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Friday, Apr. 29, 2016

Just passing through

Thursday, October 11, 2012

This past weekend, 32 year-old Leland Weeks of Los Angeles, Calif. spent a couple of days in Cherokee as he made his way across country on his bicycle.

Leland Weeks of Los Angeles, Calif. passed through Cherokee this past weekend while on a cross country bike trip. He spent time visiting his relatives, Ken and Kim Barrett who live in Cherokee. Weeks is pictured next to his aunt Kim in front of Quilt N Kaboodle, of which she is co-owner. Photo by Mike Leckband
He came through Cherokee to spend a little time with his uncle and aunt, Ken and Kim Barrett. Weeks is doing this trip for his mother to help inspire her to make healthier life style changes.

He breaks it down in to a simple message.

Face your fears and you can do more than you think you can.

He began his trip across the United States on Sept. 12 from Portland, Ore. to his destination of Bartow, Fla. where his mother lives.

Weeks recently quit his job to take this trip of a lifetime. He was a producer at Disney where he worked in video game production. He has seen a lot of America on his trip so far. From windmill to golden wheat field in Washington State, to the Lolo National Forest in Montana and the Clear Water National Forest in Idaho. There he biked over mountains that climbed to 1,500 ft and camped on peaks.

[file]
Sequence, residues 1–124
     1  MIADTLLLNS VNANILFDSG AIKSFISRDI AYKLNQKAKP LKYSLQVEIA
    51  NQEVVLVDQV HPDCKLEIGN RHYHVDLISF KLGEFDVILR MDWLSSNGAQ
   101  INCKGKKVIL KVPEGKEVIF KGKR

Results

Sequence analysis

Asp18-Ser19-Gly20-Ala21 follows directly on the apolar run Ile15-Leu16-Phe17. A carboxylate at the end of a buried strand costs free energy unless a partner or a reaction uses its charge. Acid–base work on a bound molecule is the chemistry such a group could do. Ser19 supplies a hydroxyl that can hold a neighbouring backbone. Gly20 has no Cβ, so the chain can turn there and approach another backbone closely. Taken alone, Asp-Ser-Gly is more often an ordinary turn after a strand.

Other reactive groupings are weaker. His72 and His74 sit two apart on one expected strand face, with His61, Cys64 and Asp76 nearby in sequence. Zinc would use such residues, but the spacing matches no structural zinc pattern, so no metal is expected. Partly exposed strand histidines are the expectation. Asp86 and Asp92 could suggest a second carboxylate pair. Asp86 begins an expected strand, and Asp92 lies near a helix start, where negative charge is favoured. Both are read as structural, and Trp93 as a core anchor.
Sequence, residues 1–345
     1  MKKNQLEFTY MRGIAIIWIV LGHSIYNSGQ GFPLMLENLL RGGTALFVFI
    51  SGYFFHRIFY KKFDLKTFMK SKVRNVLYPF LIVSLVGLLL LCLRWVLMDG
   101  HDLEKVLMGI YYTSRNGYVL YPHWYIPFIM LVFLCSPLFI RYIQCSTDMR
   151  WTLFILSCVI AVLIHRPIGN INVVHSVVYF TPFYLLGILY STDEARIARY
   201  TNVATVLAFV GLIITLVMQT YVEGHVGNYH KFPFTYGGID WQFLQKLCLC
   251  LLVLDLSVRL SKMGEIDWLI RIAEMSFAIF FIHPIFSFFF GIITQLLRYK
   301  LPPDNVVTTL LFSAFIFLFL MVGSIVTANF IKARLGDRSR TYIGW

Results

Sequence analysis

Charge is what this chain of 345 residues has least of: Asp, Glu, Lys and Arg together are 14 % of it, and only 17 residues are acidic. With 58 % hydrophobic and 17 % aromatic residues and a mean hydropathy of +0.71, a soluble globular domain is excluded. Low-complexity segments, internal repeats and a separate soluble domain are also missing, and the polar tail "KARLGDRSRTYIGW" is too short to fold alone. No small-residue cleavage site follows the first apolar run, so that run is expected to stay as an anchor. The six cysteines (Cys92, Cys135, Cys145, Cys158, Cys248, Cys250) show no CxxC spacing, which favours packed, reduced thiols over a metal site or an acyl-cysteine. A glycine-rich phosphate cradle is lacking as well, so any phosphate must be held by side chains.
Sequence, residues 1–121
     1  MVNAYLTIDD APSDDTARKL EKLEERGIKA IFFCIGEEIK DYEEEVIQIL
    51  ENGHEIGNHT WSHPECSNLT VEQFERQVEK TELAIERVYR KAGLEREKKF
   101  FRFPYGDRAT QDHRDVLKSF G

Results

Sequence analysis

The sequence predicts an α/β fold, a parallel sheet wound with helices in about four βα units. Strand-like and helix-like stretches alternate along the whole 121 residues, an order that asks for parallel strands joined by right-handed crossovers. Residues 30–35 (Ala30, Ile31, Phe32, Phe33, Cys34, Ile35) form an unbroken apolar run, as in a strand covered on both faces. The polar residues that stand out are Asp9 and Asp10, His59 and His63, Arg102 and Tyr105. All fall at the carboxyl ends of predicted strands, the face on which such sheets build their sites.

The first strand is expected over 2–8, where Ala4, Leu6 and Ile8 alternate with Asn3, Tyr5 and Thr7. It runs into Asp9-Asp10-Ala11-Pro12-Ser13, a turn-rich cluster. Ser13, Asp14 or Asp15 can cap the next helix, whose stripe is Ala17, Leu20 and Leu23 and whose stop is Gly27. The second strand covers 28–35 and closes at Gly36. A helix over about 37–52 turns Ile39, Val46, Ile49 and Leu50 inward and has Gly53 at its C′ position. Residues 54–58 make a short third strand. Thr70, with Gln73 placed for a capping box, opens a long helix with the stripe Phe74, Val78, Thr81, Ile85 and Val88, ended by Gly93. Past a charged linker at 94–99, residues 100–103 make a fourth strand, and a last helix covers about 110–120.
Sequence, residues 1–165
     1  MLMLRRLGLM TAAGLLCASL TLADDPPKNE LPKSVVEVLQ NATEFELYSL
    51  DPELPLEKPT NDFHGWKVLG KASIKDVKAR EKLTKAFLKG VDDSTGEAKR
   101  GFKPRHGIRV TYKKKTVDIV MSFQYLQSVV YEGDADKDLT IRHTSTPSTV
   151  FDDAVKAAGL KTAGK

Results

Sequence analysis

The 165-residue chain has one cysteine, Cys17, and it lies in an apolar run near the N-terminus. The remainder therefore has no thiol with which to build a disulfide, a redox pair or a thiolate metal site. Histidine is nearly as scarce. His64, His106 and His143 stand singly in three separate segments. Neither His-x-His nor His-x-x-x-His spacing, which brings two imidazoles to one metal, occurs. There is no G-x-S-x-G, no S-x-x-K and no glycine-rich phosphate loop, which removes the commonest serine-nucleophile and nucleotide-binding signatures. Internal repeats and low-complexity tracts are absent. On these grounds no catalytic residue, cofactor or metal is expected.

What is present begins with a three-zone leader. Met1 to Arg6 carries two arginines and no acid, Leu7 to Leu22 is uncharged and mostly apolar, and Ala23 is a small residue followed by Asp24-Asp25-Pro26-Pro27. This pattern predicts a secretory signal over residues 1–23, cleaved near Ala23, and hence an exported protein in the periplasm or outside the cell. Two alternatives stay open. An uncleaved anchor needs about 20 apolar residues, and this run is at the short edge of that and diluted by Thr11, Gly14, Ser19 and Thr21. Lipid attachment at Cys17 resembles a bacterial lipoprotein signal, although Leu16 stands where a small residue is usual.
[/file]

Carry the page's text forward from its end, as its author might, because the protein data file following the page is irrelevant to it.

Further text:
He said that Montana was really nice and he had a chance to bike through Yellowstone National Park were he described Old Faithful as awesome.

He has seen elk, bison, and bear while going through the Big Horn National Forest. "I rode 18 miles uphill and coming down was nuts, the back side of a mountain is not too good on my brakes."

From there he describes how he left Gillette, Wyo. and spent the next four day's covering 380 miles. He biked to Belle Fourche, S.D. then went in to the Black Hills. He admitted he was pretty burned out at that point and spent a day resting and took in Mount Rushmore.

In all, he averaged about 80 miles a day on his trip. He has spent a lot of nights in his tent but has stayed with relatives here and there. As for his meals, Weeks would make a stop while passing through a town or pack something light that he could cook later like macaroni and cheese.

He is also using traditional paper maps on his trip. He said that using his phone drains a lot of electricity and he never knows were he can plug in for a night.

He has admitted that the trip has been more difficult than he first anticipated but wants to remind people of his message - that we all can do more than we think and to face your fears.

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